Section: 11 | Cosmic Radiation |
Help Manual

Page of 1
Type a page number and hit Enter.
  Back to Search Results
Type a page number and hit Enter.
Additional Information
Summary of table differences
No records found.
How to Cite this Reference
The recommended form of citation is:
John R. Rumble, ed., CRC Handbook of Chemistry and Physics, 102nd Edition (Internet Version 2021), CRC Press/Taylor & Francis, Boca Raton, FL.
If a specific table is cited, use the format: "Physical Constants of Organic Compounds," in CRC Handbook of Chemistry and Physics, 102nd Edition (Internet Version 2021), John R. Rumble, ed., CRC Press/Taylor & Francis, Boca Raton, FL.


A. G. Gregory and R. W. Clay

The Nature of Cosmic Rays

Primary cosmic radiation, in the form of high-energy nuclear particles, electrons and photons from outside the solar system and from the Sun, continually bombards our atmosphere. Secondary radiation, resulting from the interaction of the primary cosmic rays with atmospheric gas, is present at sea level and throughout the atmosphere.

Secondary radiation is collimated by absorption and scattering in the atmosphere and consists of a number of components associated with different particle species. High-energy primary particles can produce large numbers of secondary particles forming an extensive air shower. Thus, a number of particles may then be detected simultaneously at sea level.

Primary particle energies accessible in the vicinity of the Earth range from ~108 eV to ~1020 eV. At the lower energies, the limit is determined by the inability of charged particles to traverse the heliosphere to us through the outward-moving solar wind. The upper energy limit is set by the practicality of building detectors to record particles with the extremely low fluxes found at those energies (O. C. Allkofer, 1975a; J. G. Wilson, 1976).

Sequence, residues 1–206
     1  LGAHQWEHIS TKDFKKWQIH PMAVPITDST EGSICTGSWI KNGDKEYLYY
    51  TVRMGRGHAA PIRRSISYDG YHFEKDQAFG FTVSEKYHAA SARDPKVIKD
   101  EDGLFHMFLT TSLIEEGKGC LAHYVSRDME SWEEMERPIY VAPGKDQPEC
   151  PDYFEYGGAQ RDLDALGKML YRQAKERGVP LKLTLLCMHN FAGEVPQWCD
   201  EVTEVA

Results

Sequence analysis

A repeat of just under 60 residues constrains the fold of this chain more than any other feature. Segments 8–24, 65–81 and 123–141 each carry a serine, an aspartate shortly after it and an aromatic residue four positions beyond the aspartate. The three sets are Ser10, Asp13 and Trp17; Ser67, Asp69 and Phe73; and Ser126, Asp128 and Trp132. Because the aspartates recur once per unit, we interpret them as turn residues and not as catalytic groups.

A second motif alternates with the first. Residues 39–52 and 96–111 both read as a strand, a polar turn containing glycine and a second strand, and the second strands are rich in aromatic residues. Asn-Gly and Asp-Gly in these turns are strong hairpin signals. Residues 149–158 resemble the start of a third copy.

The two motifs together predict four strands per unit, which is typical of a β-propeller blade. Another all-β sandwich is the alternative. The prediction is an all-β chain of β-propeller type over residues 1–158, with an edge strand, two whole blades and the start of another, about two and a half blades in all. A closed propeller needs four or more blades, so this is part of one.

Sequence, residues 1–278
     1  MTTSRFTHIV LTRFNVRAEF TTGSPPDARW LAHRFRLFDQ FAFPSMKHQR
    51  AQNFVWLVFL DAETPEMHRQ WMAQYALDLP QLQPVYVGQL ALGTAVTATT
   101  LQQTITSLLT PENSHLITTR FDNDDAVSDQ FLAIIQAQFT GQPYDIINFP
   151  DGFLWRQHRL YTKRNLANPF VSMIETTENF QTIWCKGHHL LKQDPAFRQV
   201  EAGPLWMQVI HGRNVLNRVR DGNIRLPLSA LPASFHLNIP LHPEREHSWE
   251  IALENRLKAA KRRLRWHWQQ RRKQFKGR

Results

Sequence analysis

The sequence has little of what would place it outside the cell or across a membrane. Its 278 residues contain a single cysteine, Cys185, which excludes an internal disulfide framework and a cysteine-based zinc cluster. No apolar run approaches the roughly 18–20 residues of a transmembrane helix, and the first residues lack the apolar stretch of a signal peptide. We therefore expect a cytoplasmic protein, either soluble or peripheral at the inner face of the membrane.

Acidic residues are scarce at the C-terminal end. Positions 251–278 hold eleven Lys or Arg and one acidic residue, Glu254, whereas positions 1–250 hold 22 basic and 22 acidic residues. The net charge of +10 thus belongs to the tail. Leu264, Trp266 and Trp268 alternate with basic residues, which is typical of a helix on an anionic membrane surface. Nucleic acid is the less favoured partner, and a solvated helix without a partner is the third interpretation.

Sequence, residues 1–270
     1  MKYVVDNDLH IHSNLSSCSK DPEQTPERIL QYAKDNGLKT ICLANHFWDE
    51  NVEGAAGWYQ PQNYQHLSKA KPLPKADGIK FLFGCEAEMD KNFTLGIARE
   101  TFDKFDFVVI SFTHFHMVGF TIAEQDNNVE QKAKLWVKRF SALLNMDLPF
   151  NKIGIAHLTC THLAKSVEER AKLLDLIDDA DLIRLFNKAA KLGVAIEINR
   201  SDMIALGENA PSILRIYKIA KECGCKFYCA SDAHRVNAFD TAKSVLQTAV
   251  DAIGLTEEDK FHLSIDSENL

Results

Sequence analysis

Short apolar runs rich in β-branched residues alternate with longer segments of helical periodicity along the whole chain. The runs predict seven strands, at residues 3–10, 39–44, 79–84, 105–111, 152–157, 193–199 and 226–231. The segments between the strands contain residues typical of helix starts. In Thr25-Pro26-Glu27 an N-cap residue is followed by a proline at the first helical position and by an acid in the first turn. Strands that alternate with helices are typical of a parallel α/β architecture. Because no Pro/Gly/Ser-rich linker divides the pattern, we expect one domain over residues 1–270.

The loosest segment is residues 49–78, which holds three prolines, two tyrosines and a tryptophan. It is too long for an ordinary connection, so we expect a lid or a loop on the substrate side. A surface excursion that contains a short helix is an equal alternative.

Primary Cosmic Rays

Primary Particle Energy Spectrum

Figure 1 shows the spectrum of primary particle energies. This includes all particle species. In differential form it is roughly a power law of intensity versus energy with an index of ~ –3. There appears to be a knee (a steepening) at a little above 1015 eV and an ankle (a flattening) above ~1018 eV. Figure 2 emphasizes the features in the spectrum at the highest energies through multiplying the flux with a strongly rising power law of energy. This figure should be used with caution as errors for the two axes are not now independent.

Data on the high-energy cosmic ray spectrum are uncertain largely because of limited event statistics due to the very low flux which might best be measured in particles per square kilometer per century. The highest energy event recorded to 1995 had an energy of 3 × 1020 eV (D. J. Bird et al., 1993).